Food can be a fun, motivating (and delicious) way to elicit the R sound in speech therapy. Who doesn’t love snacks, right? Today I’ll share 5 ways I use food to elicit the R sound in my speech therapy. Some of them may surprise you!
Think icing, peanut butter, or even nutella… YUM. Apply a small amount to points of contact for the R sound to give some sensory feedback. Even sour spray could work if you’re careful about applying it. For bunched R, you could put the “sticky stuff” on the lateral edges of the tongue, or even on the inside edges of the top molars. For retroflex R, you could apply it about halfway back in the mouth on the hard palate where the tongue tip hovers. If you try it for retroflex R, just be sure to explain their tongue tip should not remain touching when they produce their R!
Grab the skinny little pretzel sticks and have them gently place them between their molars- no biting! They should use the pretzels as “railroad tracks” to slide their tongue back nice and wide for bunched R. If you own my best-seller Teaching R then you’ve seen this before.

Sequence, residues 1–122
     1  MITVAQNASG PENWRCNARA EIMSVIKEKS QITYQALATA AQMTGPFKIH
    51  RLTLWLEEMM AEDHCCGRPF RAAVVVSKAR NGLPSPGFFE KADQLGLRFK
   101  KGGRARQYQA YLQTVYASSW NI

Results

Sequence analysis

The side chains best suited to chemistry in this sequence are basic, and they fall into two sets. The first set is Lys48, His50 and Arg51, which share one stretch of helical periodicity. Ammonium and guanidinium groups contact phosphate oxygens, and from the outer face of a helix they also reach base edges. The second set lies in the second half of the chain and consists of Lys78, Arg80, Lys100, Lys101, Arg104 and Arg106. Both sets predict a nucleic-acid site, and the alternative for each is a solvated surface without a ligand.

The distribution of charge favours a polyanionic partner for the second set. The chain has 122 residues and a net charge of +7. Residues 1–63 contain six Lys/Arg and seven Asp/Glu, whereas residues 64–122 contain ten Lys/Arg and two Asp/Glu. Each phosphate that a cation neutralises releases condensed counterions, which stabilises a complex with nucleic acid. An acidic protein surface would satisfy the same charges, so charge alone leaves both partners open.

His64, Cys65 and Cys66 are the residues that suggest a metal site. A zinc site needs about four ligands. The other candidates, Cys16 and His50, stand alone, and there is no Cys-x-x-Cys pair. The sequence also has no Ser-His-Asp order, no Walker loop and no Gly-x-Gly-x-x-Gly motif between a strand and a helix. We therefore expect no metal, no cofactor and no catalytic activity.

This is a similar concept to the “sticky stuff”. Rub it at the points of contact for their version of the R sound- bunched or retroflex.
This little trick works best for teaching the R sound as a retroflex production. Have your student pretend to lick an ice cream cone. Tell them not to stop licking until their tongue is halfway back in their mouth. It will be a dramatic lick!
This is probably my favorite trick because it helps teach how to get tension in the tongue for the R sound, and that can be a tricky concept to teach. Cut (or bite) a twizzler so you have a piece that spans molar-to molar or a little wider. Have your student place the liquorice on the back of the tongue and push up so make a “rainbow” in their mouth. The liquorice ends should be touching their molars and the top of the rainbow should be mashed against the roof of their mouth. Have them push hard and see if they can get it to stick! Try producing the R with the liquorice in their mouth and again immediately after removing it. Be sure to remind them to make their tongue feel the same as when the liquorice was placed.